In All My Years…

Those who know me have heard me say time and time again, “It doesn’t matter how long I’ve been an auctioMarietta, Georgianeer, it seems I always have the opportunity to sell something I’ve never sold before. I love my job!”

 

I am preparing for a live auction event scheduled for October 13, 2016, and I can truly say, this time,

 

“I can’t imagine that I would ever have the opportunity to sell something as historic as an 1861, six-pounder Tredegar cannon, which is the only bronze Confederate North Carolina surcharged cannon in private hands.”

 

Also, it has been confirmed in an email from Val Forgett, III dated August 29, 2016; this cannon did appear in the epic movie Gods & Generals. There is a lot of interesting information about the cannon and we have included it on our website. Please take a few minutes to read the history associated with this cannon.

 

William Leigh

I was in Marietta, Georgia in August at the Southeastern Civil War Show to promote this auction and garner some interest. I must say, between the vendors at the show and the attendees, I don’t believe I’ve ever met such a nice group of people dedicated to preserving the history of the Civil War. People were there from as far away as Maryland and Virginia, Tennessee and North Carolina. Among some of the people I met, I’d like to tell you about two people in particular, Raymond and Corrine Smutko.

 

While I was taking a break from my booth, passing out literature to the vendors about this upcoming auction, I was drawn to one of the vendors who was wearing a Tredegar Foundry t-shirt. You see, the cannon we’re selling in the auction is from the Tredegar Foundry, so naturally I was drawn to his display. While I was telling him about the auction, I heard someone say, “You’re talking to the wrong guy”. I continued to tell the vendor about the auction and I heard someone say again, “You’re talking to the wrong guy”. I turned around and introduced myself to the woman, who was, by this time pointing to her husband. They introduced themselves as Ray and Corrine Smutko, friends of the late Val Forgett, Jr., who purchased this cannon in 1980 at the Spaulding family auction in Cooperstown, New York.

 

Ray Smutko

Ray said, “ Val and I were best friends and I remember that cannon you’re selling being on Val’s property. My kids used to play on that cannon.” I know…what are the chances? After I picked up my jaw from my chest, I quickly asked if they could spend a few minutes with me in my booth for a conversation. I’m sure they were just as surprised to see a picture of that cannon as I was surprised to meet someone who had actually known about, and was a part of this cannon’s unique history.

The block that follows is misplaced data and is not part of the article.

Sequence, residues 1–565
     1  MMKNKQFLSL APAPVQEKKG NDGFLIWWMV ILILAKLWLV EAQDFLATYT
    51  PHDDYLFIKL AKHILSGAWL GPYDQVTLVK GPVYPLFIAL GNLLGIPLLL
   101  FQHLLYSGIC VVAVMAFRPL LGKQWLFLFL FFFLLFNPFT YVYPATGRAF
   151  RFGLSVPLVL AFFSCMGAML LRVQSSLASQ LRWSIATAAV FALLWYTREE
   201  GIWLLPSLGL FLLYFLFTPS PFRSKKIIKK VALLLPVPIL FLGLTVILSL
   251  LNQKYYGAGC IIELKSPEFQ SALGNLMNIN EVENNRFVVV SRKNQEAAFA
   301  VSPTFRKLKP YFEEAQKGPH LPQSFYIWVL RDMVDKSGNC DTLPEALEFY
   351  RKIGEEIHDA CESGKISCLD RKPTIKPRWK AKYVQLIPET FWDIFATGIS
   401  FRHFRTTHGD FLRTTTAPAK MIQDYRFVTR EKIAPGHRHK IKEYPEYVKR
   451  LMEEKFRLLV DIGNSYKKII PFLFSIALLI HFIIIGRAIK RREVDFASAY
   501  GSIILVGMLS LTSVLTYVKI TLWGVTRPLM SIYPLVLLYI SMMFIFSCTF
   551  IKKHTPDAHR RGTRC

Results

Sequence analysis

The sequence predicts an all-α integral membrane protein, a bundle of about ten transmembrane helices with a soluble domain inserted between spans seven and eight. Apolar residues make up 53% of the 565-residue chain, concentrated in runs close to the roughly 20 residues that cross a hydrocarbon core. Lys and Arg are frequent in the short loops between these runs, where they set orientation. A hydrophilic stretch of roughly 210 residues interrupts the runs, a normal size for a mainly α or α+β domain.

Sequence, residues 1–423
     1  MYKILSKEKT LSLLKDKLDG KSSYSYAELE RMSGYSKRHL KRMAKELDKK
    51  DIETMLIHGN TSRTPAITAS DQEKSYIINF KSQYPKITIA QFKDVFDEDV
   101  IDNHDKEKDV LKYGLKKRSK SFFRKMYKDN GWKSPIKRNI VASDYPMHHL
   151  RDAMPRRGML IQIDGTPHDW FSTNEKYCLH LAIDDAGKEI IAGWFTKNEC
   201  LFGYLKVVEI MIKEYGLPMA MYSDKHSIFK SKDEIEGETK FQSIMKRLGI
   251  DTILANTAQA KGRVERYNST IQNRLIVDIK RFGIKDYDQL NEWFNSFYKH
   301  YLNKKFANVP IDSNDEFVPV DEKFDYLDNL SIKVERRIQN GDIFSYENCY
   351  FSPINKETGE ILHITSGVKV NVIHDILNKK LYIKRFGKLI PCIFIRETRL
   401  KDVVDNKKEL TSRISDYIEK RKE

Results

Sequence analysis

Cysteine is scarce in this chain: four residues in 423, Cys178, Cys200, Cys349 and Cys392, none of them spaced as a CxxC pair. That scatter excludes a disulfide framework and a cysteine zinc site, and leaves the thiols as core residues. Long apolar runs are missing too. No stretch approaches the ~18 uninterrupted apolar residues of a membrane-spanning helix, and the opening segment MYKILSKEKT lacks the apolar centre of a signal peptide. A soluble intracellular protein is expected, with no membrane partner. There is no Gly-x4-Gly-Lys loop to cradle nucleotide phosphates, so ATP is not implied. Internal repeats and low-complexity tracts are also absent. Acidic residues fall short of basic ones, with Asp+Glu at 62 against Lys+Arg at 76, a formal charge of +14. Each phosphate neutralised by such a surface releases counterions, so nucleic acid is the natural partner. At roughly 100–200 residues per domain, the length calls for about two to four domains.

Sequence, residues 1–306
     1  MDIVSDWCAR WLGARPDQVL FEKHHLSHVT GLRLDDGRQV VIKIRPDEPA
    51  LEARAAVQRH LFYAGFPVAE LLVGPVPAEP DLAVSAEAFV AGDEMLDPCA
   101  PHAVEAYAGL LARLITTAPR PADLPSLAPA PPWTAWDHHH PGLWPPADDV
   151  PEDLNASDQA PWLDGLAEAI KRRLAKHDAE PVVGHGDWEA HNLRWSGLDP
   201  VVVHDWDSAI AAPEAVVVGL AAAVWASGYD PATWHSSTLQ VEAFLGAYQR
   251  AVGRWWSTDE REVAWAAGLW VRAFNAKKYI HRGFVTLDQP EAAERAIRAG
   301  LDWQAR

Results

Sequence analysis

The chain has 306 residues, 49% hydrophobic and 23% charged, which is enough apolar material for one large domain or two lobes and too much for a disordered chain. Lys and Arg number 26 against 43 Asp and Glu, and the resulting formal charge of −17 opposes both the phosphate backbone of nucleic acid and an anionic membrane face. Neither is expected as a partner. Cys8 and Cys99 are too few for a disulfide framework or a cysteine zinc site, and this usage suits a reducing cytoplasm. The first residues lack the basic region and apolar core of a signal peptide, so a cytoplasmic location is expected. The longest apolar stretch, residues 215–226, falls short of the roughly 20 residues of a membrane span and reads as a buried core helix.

Ray told me some wildly entertaining stories about he and Val. You see Val Forgett, Jr. founded the Navy Arms Company, Inc. in 1956 and is internationally recognized as the “Father of the modern replica firearms business”. Ray told me he and Val were both members of the North/South Skirmish Association, which is still active today and promotes the shooting of Civil War firearms and encourages the preservation of Civil War materials.  Whenever there was a skirmish, all of the teams participating were allowed to actually camp on the property. The two families would always pitch a tent and camp together; then with a laugh Ray said, “Until Val’s business started to prosper and Val started camping in his motor-home!”

 

Ray said he has fond memories of Val and their time together in their younger days. Val’s property was a playground of military equipment and parts as he was always working on a project. Ray said, “Val was also a very generous man, and his success never clouded our friendship”. Their children grew up together and the Smutkos even attended the wedding of his son, Val III.

Ray Smutko

In my conversation with the Smutkos, I was trying to find out a little more about Ray, as I could tell he just wanted to talk about Val. Ray’s wife, Corrine, finally cut in and said to me, “You can see Ray in the movie Gods and Generals as an extra,” then continued “As long as you don’t blink”.

 

It’s funny how you can sometimes just be in the right place at the right time…you know, when the stars and moon align. In all my years in the auction industry, I could not have imagined a more serendipitous moment!